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Author Archives: Japonica Jackson

Japonica is head of editorial at IT Security Guru. If you'd like to get in touch with Japonica, please email

Why Kubernetes is helping to make Cloud mainstream

Ronald Sens,
A10 Networks

By Ronald Sens, EMEA Director, A10 Networks There has been a lot of talk in the first half of 2018 around how cloud is being adopted for mission critical applications and becoming mainstream. Right now, the impact of cloud services, cloud technologies and practices for organisations is rapidly accelerating as we enter the next wave of cloud adoption.  To this ... Read More »

Emergence of Global Legislation Against ‘Fake News’ May Present Regulatory Risks

Rob Ames, Farsi Cybercrime Researcher,

In response to fake news becoming an increasingly pervasive issue affecting the global political climate, many countries have implemented, or are in the process of implementing, legislation to combat the online spread of false information. While it’s difficult to reach uniform conclusions about these different legislative acts, organisations with an online presence in countries with anti-fake news laws may be ... Read More »

Kroll Earns Global CREST Accreditation for Penetration Testing Services

Kroll, a division of Duff & Phelps, a global leader in risk mitigation, investigations, compliance, cyber resilience, security and incident response solutions, announces that CREST has accredited Kroll as a global CREST Penetration Testing service provider. This accreditation affirms Kroll’s expertise and authority to conduct penetration testing for clients around the world and helps provide assurance to organisations regarding the ... Read More »

Weaving the security thread into the business conversation

Nick Nagle, CISO,
Conde Nast International and a finalist in the Security Serious Unsung Heroes Awards CISO Supremo category

It used to be difficult to discuss security within an organisation, terms like Phishing needed explanation, Denial of Service was when the local garage couldn’t change the oil in your car, and forget about Botnets. However over the years, and at an accelerated pace it has become easier for us security professionals to communicate types of risks and vulnerabilities – ... Read More »

The 3 Most Powerful Types of Threat Information Sharing – and How to Stay Compliant

Paul Kraus, CEO,
Eastwind Networks

By: Paul Kraus, CEO, Eastwind Networks When it comes to IT security, the unknowns impose the greatest threat. Luckily, many types of threats are very much on the cybersecurity radar. Institutions and organizations who pay attention and take advantage of available threat information sharing are more likely to succeed in keeping their networks secure from hackers and attacks. Unfortunately, threat ... Read More »

Law firms start collective action against BA

Law firm SPG Law has started the process of gathering names for a group action in the recent British Airways security breach that compromised more than 380,000 customers sensitive personal data. View full story ORIGINAL SOURCE: Privacy Laws Read More »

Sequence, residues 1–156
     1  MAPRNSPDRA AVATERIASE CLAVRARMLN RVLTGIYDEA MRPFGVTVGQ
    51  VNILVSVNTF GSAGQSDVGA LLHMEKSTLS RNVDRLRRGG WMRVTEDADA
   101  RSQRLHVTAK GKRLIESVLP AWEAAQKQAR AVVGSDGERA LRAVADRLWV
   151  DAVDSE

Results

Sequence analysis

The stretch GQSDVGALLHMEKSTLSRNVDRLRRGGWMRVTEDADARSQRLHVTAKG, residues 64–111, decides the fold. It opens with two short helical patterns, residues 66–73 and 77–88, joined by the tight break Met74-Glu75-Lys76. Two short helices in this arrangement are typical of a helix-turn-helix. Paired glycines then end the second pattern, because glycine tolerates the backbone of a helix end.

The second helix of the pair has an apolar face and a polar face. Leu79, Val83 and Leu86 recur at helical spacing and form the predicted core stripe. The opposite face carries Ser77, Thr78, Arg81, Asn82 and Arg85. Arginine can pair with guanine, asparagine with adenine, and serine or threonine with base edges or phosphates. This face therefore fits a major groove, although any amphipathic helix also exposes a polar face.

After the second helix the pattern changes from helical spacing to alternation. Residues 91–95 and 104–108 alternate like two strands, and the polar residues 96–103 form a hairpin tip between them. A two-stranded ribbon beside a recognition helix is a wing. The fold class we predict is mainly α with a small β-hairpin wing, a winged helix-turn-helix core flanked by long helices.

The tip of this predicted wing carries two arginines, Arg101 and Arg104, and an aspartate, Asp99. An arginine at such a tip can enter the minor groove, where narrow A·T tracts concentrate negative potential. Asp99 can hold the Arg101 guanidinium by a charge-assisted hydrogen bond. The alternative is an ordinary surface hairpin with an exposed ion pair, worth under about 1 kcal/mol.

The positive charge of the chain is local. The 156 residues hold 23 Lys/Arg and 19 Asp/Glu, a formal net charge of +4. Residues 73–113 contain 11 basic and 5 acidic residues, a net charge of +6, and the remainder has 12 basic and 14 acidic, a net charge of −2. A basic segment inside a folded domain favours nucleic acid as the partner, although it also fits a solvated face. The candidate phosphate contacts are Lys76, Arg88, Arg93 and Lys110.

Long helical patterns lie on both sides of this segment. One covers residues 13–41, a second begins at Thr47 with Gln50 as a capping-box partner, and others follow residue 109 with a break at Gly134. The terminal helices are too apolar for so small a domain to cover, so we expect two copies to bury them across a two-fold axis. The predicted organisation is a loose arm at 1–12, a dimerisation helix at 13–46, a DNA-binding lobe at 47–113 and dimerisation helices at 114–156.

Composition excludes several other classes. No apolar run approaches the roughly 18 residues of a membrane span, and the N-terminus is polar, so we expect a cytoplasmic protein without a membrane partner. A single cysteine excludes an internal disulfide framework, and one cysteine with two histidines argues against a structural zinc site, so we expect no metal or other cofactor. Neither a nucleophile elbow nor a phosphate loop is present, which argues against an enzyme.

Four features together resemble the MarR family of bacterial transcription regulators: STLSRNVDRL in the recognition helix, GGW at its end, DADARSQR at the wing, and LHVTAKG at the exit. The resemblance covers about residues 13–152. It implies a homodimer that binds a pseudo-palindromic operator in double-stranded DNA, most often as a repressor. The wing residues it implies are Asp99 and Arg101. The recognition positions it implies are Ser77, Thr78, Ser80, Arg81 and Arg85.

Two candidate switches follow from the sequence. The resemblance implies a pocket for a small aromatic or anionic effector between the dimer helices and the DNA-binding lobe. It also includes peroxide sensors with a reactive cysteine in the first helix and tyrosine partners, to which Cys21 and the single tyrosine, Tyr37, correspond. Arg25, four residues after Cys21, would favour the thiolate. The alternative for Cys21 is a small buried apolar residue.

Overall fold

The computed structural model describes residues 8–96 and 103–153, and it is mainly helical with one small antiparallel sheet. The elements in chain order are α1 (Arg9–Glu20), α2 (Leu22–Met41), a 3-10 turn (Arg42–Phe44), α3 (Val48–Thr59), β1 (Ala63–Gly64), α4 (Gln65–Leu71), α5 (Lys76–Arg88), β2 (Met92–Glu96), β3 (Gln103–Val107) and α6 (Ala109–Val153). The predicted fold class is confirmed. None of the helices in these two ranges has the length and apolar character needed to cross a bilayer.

Exploit vendor Zerodium releases zero-day for old version of Tor

Exploit vendor Zerodium, which made headlines in September last year by offering a million-dollar bounty for any zero-day exploits in the Tor browser running on Tails Linux or Windows, has itself released a zero-day exploit for the browser. View full story ORIGINAL SOURCE: IT Wire Read More »

‘Web hackers held my data hostage,’ says Wiltshire police commissioner

The revelation came as Wiltshire Police plans to this week shine a light on its digital investigations team. Angus Macpherson, who has acted as police and crime commissioner for Swindon and Wiltshire since 2012, said: “I was actually subject to a ransomware attack on my personal computer two years ago. The criminals demanded money and effectively held some of my ... Read More »

A group of researchers showed how a Tesla Model S can be hacked and stolen in seconds using only $600 worth of equipment

A savvy car thief could drive off with a Tesla Model S by using just a few, relatively inexpensive pieces of computing hardware and some radios — at least, the thief could have until recently, when Tesla fixed an overlooked vulnerability in its cars’ security systems. View full story ORIGINAL SOURCE: Business Insider Read More »

LuckyMouse Group is back and using a legitimate certificate to sign Malware

The Kaspersky Lab Global Research and Analysis Team (GReAT) has discovered several infections from a previously unknown Trojan, which is most likely related to the infamous Chinese-speaking threat actor – LuckyMouse. The most peculiar trait of this malware is its hand-picked driver, signed with a legitimate digital certificate, which has been issued by a company developing information security-related software. View ... Read More »